Although I really enjoyed riding the CBR600RR, I decided that I wanted something that had a bit more character but not so exotic that it was going to break the bank. Secondhand was my best option as I couldn’t really justify paying new bike prices for something that wouldn’t get ridden that often or which might get totalled on track.

The obvious choice for me was the Triumph Daytona 675. The reviews for this bike have been consistently good for several years, and having ridden a Street Triple for a while, I could vouch for the fact that the engine is amazing – it just makes power virtually from tickover and pulls like a train all the way to the redline.

Having decided on the bike, I started to scour the small ads to see what I could find. I researched for about three weeks weighing up age, mileage, condition and extras. I had already discounted the pre-09 Daytona models as the 09 and later models had a taller first gear, lighter wheels, better suspension and a more powerful engine. I also didn’t want something that was too old or which had high mileage.

Prices from main dealers for the ’09 and later model Daytonas varied between £5,500 and £6,500 (approx US$8,800 – 10,400 in October 2012). Some private ones were cheaper but I was looking for something clean with no damage history.

One evening I was researching Daytona parts online when I spotted a black 2010 Daytona with 3,000 miles on the clock. I rang the seller the next day and we did a deal over the phone. The following day I jumped on a train with my leathers and helmet in a bag and set off for the North of England to collect the bike.

The bike looked better in the flesh than in the photos, and although I didn’t really want a black bike, I had to admit that it looked great. I fired it up and the exhaust barked into life – the menacing growl at tickover was aided by the fact that the baffle had been removed from the Arrow slipon can. The sound of the exhaust was pure intoxication!

After riding a street bike (Street Triple) for nearly three years, getting on the Daytona and reaching forward to the handlebars was a bit of a shock. I pulled away with trepidation as I didn’t really feel 100% in control, but within a few miles, I slowly began to start getting used to the riding position despite the fact that both my back and wrists were beginning to complain. As the discomfort grew, I seriously began to question my sanity about buying a sports bike after all.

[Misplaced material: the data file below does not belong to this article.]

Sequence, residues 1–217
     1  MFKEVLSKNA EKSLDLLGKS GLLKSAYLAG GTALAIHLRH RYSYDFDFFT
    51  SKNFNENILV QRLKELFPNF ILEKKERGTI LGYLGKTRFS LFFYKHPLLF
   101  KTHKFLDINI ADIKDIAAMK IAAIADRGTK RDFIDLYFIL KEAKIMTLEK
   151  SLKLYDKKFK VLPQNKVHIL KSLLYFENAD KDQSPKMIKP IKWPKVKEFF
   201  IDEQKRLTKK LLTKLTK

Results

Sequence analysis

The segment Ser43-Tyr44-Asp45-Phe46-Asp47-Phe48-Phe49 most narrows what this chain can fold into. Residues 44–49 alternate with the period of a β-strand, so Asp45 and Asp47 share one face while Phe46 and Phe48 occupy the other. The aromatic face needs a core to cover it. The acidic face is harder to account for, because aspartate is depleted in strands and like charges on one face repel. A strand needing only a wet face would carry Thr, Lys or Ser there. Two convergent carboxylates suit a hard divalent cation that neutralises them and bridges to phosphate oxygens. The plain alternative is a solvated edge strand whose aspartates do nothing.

Riding through town and 30mph roads was pure hell; offset only by the fact that the exhaust note was attracting much (admiring?) attention from roadside bystanders, which was quite amusing.

If I thought the exhaust sounded good at tickover, it was nothing compared to the symphonic howl that develops from 4,500 RPM upwards. I think that this is due to a combination of the airbox flapper and the exhaust EXUP valves opening fully which allows the engine to breathe better. The Daytona makes power from low down in the rev range, but from 6,000 RPM onwards, the bike literally propels itself forwards with an urgency that you just need to experience yourself to understand.

Once I got out of town onto the A roads, I was able to increase my speeds significantly enough that the wind started to take some of the pressure off my wrists. This bike was made for fast sweeping A roads – it feels so taut and planted that you just want to keep increasing your speed as you drive through corners.

After a few miles of A roads, I still had over 160 miles of motorway to negotiate to get home. Although at the time, I hadn’t really clocked the double bubble screen on the bike but I seriously began to appreciate it as the speedo veered past 70 mph. Even so, with my body complaining about the cold and cramps from the riding position, I elected to stop every half hour or so, to break up the monotony of the journey.

Apart from comfort, another area where the Daytona differs significantly from the Street Triple is the quickness of its steering. Initially it feels like it wants to fall into corners – this makes for really quick steering which can be a little disconcerting in the wet and in slow speed corners. The fact that the front tyre was slightly squared off on the bike didn’t help much but at least that could be fixed with a set of tyres quickly enough. The other main differences between the Street Triple and the Daytona were in the suspension and brakes; on the Daytona the brakes are phenomenally powerful. The suspension too is much tauter than the Street Triple’s while still being quite compliant and forgiving.

After nearly 200 miles of riding, I arrived home. I was elated from riding such an amazing machine although that was slightly tempered by concern that I might have driven through one or two speed cameras on the wrong side of the speed limit!

In summary, not only has riding a Daytona confirmed everything that I read about it in reviews but the one I bought seems to be a really tidy and clean example and I am really happy with its purchase.

Track Day Economics

Having decided that I wanted to do more track days in order to improve my riding skills, the question was how would I actually go about doing this.

I have a road bike that I use for daily commuting. While I could have used that on track I couldn’t really afford to have it off the road for any length of time following a track mishap.

That left three choices:

  1. Go to a race school where the bike is provided by the school
  2. Go on a track day and rent a 600 for the day
  3. Buy a bike specifically to use on track and do regular track days

Option 1